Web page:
CJEU puts cork in wine trademark appeal
The Court of Justice of the European Union (CJEU) has dismissed a trademark appeal concerning wine-related goods.
The case centred around two trademark applications by Japan-based individual Kenzo Tsujimoto.
In 2008, Tsujimoto applied for an international registration designating the EU for the word sign ‘Kenzo Estate’ covering goods and services in class 33 for wine, alcoholic beverages and “Western liquors”.
France-based retailer Kenzo opposed the application, based on the earlier EU trademark ‘Kenzo’.
After the Opposition Division dismissed the opposition, Kenzo appealed against the decision at the EUIPO in February 2012. The appeal was upheld after the Second Board of Appeal found that the marks were highly similar; Kenzo had established that its earlier mark had a reputation; and that the applied-for trademark would “ride on the coat-tails” of the earlier mark.
In August 2009, Tsujimoto again applied for an international registration designating the EU for the same word sign ‘Kenzo Estate’, this time covering classes 29, 30, 31, 35, 41 and 43.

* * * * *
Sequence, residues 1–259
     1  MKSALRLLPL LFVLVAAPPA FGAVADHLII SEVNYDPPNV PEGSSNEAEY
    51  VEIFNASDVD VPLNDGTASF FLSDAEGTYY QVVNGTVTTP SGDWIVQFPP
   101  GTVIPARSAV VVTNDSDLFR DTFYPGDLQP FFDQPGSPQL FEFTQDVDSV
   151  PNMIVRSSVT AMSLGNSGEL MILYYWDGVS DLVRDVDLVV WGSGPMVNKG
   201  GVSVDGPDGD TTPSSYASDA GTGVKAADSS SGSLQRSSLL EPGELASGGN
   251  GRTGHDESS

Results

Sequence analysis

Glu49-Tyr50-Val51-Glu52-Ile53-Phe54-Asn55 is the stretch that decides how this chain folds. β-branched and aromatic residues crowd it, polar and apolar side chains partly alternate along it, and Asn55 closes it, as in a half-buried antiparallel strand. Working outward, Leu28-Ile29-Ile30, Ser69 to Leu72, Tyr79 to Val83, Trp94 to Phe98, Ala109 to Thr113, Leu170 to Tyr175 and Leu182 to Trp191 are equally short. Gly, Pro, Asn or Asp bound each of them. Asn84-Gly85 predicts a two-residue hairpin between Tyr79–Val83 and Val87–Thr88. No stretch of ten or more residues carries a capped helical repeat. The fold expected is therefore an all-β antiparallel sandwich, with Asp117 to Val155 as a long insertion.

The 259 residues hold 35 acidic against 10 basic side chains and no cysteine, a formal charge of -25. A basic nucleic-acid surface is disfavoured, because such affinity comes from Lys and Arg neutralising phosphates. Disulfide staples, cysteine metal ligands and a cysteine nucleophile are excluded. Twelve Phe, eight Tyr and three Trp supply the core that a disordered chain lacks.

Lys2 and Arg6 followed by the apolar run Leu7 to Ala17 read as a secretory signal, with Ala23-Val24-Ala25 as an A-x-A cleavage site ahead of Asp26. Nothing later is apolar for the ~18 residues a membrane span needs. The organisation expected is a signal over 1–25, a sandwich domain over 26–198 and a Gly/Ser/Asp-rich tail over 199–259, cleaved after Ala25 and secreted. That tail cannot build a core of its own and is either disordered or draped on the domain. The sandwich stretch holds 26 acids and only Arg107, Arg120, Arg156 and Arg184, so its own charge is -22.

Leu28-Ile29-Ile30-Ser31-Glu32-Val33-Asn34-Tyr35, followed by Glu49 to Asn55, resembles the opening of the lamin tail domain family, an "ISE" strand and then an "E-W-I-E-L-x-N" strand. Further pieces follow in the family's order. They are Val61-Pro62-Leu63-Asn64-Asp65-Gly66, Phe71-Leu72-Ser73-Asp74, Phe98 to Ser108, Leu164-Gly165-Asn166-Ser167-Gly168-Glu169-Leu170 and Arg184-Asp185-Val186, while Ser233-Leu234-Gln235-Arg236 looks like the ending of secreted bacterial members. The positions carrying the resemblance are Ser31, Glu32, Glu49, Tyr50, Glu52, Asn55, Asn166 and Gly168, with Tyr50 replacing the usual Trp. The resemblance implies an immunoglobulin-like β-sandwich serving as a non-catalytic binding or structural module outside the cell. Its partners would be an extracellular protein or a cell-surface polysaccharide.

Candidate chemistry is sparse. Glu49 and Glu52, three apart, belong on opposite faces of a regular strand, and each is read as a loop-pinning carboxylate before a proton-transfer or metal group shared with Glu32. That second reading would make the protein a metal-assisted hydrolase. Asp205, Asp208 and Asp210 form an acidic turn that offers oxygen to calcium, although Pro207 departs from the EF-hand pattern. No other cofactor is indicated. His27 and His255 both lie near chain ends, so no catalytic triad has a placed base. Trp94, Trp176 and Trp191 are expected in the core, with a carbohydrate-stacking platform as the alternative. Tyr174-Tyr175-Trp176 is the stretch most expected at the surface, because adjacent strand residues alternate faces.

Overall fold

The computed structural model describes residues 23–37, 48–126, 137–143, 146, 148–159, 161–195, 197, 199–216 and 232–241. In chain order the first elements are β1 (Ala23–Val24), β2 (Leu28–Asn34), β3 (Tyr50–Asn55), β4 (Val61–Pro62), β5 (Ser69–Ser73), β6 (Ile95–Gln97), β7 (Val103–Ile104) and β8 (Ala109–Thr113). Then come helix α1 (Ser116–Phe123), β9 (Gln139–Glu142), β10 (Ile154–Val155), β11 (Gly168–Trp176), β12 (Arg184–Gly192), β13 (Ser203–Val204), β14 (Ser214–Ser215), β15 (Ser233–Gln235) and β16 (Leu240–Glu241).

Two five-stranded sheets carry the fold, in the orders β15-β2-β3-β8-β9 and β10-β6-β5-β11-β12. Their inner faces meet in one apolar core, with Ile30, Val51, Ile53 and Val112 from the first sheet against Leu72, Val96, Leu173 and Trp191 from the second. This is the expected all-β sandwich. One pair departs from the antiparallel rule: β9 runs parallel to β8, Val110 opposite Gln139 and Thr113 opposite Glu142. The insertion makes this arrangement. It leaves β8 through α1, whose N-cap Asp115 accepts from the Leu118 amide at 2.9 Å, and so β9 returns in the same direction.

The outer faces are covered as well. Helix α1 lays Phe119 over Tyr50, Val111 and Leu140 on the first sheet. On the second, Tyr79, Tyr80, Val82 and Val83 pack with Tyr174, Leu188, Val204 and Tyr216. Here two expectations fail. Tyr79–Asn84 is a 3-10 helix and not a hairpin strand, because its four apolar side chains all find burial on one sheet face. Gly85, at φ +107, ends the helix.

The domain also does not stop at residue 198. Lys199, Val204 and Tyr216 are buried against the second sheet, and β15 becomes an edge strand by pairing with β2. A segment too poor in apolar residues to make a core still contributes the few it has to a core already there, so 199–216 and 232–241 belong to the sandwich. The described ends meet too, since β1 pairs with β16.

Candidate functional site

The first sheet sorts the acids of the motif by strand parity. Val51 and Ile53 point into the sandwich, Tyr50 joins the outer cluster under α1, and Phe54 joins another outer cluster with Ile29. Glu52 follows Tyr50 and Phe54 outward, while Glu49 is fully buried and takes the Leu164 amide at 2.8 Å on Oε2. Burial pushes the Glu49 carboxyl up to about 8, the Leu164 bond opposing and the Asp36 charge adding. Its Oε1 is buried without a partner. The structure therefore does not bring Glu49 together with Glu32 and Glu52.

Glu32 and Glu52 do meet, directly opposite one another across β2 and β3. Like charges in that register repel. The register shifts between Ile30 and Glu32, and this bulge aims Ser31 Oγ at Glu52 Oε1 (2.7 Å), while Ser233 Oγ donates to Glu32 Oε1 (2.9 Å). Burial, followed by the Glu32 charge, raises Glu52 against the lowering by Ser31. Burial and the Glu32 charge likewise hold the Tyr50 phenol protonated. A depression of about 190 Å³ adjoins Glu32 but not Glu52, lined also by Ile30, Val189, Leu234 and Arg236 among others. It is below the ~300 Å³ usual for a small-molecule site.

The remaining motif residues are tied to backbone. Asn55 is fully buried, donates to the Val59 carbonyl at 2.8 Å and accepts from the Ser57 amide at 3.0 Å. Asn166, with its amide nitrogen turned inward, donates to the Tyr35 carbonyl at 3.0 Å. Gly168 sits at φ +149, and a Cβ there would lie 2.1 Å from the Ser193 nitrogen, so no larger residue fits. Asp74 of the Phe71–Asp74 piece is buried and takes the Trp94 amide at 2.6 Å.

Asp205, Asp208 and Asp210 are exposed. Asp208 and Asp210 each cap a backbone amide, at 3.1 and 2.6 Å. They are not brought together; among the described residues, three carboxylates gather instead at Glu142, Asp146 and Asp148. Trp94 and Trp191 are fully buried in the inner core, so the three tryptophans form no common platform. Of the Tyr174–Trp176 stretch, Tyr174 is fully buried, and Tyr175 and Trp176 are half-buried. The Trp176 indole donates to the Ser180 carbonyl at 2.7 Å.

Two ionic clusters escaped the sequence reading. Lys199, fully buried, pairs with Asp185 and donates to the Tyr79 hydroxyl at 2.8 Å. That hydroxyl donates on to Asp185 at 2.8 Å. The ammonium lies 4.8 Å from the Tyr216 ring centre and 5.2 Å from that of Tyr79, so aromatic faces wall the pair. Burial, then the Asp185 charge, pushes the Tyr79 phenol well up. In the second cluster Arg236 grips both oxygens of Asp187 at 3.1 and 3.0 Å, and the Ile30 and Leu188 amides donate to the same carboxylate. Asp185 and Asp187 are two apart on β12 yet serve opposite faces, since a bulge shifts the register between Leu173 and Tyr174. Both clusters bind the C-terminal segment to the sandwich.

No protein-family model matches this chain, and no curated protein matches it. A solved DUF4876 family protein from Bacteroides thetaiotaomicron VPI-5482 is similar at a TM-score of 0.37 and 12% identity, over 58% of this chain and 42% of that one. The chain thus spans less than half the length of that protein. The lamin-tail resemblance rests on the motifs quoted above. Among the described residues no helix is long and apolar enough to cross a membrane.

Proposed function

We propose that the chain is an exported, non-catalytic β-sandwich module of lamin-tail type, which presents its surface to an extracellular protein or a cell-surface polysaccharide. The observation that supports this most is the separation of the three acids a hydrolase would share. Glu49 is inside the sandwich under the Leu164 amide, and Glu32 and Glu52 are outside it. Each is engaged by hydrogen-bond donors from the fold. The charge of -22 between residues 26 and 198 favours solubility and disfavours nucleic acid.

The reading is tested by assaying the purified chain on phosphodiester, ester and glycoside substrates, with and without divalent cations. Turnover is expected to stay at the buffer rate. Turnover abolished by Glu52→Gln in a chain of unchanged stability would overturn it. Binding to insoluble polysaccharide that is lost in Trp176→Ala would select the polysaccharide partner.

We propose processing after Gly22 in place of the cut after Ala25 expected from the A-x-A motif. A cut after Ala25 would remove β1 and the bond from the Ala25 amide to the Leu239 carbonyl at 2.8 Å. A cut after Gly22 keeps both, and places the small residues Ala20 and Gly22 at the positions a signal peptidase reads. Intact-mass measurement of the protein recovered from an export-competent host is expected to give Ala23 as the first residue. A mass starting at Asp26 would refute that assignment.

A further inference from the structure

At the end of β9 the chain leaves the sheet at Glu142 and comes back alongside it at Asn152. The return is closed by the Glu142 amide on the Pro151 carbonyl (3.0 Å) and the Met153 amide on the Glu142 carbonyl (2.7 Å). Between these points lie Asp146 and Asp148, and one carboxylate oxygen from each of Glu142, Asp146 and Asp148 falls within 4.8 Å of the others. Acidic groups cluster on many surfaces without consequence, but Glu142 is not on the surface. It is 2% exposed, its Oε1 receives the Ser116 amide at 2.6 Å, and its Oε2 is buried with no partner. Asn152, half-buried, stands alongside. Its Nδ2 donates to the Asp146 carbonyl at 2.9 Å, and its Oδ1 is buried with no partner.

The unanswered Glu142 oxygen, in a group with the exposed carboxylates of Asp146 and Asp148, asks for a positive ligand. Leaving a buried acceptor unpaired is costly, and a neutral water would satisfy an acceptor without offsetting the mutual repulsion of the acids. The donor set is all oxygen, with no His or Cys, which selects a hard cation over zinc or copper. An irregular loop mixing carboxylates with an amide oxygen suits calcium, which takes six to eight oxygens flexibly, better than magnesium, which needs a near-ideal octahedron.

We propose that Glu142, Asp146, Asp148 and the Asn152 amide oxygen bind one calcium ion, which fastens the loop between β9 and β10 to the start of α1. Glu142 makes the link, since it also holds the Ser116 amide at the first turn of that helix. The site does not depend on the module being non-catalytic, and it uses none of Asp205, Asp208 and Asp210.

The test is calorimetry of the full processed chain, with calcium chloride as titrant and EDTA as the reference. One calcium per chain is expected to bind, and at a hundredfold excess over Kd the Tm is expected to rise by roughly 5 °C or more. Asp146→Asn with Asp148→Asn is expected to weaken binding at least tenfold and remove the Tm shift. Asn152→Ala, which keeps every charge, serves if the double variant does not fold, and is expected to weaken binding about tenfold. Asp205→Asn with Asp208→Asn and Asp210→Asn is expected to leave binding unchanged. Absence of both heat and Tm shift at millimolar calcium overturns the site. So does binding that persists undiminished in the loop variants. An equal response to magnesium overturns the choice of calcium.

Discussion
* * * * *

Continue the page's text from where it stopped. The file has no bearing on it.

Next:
Goods and services in these classes include olive oil; confectionery; fresh fruit and vegetables; marketing research on wine; educational services relating to wine; and provision of food and beverages.
Again, Kenzo opposed the application, but the Opposition Division dismissed the opposition. The Second Board of Appeal then upheld Kenzo’s appeal in part, but found that Kenzo had failed to justify why the registration would take unfair advantage of the earlier trademark in classes 29 and 31.
Tsujimoto appealed against both of the decisions to the CJEU and argued that there were not any similarities between the marks at issue.
According to Tsujimoto, the ‘Estate’ element of his applied-for trademarks “occupied significant space” in the marks as it is composed of six letters, while ‘Kenzo’ only consists of five. He said that the extra word ‘Estate’ also “gives rise to significant differences between the conflicting marks” in terms of how they sound and their rhythm.
The CJEU found that that the word ‘Estate’ in association with the goods and services “lacked distinctive character for a significant part of the relevant consumers”.
Tsujimoto also unsuccessfully argued that Kenzo had failed to provide evidence within the correct time period, that Kenzo did not have a reputation in the EU, and that the applied-for trademarks tried to take advantage of the earlier mark.
The court said Tsujimoto’s appeals were “unfounded” and dismissed them. Tsujimoto was ordered to pay the costs.
Source : www.Opusip.Co.UkPrevious Post Next Post
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